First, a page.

A Field Trip

132I sit in on a class called “Timber Technologies” and this week we went to Delta Millworks here in Austin to learn about Shuo Sugi Ban, a Japanese method of burning wood to make it more resistant to rot and insects. Oh, and they just so happen to have a tenant in their space named Aldo Bohm who built this amazing canoe. It’s made entirely of scrap material (mostly longleaf pine, and some mesquite) and the strips are only a quarter inch thick. I would have taken a photo of the whole thing except that it was surrounded by architecture students (not that they’re not attractive enough, but it takes away from the majesty of the piece itself).

Anyway, Delta specializes in reclaimed lumber and Shuo Sugi Ban. They gave us a little demo of how they char the wood on the outside and then seal it. 133This job seems like every little boy’s dream–burning stuff. None of the burnt wood is structural. It’s primarily used as siding and flooring and it looks really cool.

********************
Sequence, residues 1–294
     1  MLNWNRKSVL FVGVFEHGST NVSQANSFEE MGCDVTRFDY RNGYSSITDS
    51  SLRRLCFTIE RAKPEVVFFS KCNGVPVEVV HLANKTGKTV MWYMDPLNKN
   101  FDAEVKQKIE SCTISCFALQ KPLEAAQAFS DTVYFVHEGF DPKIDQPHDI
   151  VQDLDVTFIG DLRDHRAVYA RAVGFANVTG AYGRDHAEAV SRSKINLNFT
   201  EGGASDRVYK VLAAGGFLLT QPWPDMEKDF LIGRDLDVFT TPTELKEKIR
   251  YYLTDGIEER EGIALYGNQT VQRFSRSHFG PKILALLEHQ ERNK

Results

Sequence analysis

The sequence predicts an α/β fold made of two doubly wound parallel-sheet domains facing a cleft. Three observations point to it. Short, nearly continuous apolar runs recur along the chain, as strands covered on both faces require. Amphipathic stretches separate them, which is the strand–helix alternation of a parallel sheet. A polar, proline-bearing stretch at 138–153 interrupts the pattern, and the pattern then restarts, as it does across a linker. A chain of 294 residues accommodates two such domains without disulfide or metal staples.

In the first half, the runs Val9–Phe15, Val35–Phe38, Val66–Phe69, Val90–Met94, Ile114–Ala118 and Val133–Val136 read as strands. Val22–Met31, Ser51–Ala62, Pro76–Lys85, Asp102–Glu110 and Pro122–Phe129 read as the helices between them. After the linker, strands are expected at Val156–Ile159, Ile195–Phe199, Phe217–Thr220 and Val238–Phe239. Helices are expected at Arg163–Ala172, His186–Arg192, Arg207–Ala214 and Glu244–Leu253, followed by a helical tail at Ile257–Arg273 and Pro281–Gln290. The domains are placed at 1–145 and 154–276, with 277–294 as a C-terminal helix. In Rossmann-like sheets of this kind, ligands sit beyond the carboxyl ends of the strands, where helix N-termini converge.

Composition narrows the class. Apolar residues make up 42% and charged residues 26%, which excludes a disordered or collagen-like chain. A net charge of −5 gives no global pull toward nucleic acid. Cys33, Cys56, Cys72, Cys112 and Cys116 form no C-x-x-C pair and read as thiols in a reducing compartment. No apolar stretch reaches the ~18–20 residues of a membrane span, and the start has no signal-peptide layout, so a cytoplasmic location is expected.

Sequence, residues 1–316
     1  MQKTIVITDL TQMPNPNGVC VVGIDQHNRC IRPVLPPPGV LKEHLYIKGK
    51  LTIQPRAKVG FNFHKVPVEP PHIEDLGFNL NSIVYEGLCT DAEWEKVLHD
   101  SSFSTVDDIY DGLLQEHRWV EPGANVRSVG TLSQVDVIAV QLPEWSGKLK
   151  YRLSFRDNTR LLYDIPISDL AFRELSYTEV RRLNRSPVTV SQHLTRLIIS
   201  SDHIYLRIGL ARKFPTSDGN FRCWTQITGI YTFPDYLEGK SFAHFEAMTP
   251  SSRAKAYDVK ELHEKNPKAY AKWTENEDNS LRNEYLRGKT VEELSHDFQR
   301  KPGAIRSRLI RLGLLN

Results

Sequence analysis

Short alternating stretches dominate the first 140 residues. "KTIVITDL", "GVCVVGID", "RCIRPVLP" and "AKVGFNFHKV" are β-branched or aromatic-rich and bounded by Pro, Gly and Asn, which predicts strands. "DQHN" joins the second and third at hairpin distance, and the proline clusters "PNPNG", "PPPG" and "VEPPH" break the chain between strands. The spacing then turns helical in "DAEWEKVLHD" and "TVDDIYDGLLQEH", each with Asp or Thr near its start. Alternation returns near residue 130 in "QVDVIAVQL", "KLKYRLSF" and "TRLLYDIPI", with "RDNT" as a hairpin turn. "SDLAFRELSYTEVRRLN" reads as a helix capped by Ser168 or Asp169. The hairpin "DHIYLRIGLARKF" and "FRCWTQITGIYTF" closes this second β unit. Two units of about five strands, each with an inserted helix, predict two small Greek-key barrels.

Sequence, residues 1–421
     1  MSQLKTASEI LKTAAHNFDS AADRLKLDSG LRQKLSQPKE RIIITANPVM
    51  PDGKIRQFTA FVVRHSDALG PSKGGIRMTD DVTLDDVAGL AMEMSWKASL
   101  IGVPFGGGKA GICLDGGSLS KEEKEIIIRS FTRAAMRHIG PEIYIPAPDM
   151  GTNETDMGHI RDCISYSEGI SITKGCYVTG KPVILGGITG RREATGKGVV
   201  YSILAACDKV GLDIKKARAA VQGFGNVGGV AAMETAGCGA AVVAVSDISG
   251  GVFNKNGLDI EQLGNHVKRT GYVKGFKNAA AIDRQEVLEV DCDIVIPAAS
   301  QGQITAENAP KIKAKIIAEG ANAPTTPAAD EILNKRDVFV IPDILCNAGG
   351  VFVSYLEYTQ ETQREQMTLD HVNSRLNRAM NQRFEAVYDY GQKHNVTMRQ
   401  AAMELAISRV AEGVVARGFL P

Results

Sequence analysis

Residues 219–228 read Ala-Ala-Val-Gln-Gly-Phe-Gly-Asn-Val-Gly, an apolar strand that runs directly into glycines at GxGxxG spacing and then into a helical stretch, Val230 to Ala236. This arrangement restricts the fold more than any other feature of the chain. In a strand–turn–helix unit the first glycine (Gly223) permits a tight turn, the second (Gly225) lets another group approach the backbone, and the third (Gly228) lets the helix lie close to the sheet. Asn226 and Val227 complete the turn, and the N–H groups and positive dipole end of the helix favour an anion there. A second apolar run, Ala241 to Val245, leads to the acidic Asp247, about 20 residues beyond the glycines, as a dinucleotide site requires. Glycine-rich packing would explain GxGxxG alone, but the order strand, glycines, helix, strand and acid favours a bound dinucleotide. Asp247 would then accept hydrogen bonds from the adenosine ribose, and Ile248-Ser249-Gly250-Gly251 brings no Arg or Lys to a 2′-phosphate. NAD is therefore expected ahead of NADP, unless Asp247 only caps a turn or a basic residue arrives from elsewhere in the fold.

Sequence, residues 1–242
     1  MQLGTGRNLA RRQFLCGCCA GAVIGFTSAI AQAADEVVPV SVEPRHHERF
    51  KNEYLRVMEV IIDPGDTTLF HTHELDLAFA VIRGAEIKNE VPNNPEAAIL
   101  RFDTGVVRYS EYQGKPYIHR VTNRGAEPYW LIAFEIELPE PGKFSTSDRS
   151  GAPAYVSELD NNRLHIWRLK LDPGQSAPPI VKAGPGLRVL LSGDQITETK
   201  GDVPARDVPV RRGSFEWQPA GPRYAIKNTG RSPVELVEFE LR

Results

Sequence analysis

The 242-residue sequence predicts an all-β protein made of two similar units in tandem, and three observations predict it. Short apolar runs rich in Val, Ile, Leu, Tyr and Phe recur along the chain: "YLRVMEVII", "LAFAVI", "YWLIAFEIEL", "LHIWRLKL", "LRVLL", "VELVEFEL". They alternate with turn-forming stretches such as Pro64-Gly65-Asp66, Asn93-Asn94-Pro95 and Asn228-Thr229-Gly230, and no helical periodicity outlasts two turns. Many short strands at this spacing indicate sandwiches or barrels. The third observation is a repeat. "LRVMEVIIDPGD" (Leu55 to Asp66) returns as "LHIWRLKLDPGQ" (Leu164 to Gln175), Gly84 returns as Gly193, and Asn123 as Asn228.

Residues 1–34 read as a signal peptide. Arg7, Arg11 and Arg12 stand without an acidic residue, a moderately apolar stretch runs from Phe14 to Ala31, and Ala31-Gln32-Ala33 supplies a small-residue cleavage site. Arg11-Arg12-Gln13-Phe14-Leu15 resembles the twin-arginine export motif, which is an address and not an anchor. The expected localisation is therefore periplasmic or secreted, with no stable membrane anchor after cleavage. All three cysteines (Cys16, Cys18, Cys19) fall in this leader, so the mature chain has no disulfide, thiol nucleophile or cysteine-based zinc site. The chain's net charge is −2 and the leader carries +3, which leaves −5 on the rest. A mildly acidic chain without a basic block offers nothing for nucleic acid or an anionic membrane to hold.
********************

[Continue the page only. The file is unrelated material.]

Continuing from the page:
I also had to get some of my own work done this week. I trimmed off the excess lamination material on the rockers. It seemed simple enough to just run it through the band saw and then sand it down, but it didn’t occur to me that I wouldn’t be able to get the band saw into the inside of the frame (duh), so I had to cut those ends by hand with the Japanese saw. Lots of Japanese methods happening this week apparently. After they were cut down close to size, I used the spindle sander to get the curves smoothed out and the transition from leg to rocker flush. I’m generally pretty happy with how they turned out, except I cut into one of them a little too deep and now I have to fill it (I made the mistake by hand, not with a machine. Remember David Pye’s idea of the workmanship of risk? Yep).
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Next up was fixing the joint that opened by running dowels through the tenon. I bought a half-inch, mahogany dowel from Woodcraft and used the drill press with a half-inch forstner bit. The drill press makes sure the bit goes in straight, and also allows you to control the depth of the cut. The nice thing about using two things that you know are a half inch in diameter from the beginning is that you know they will fit together well. I put glue in the holes as well as on the dowel, banged them in with a mallet, and left them to dry.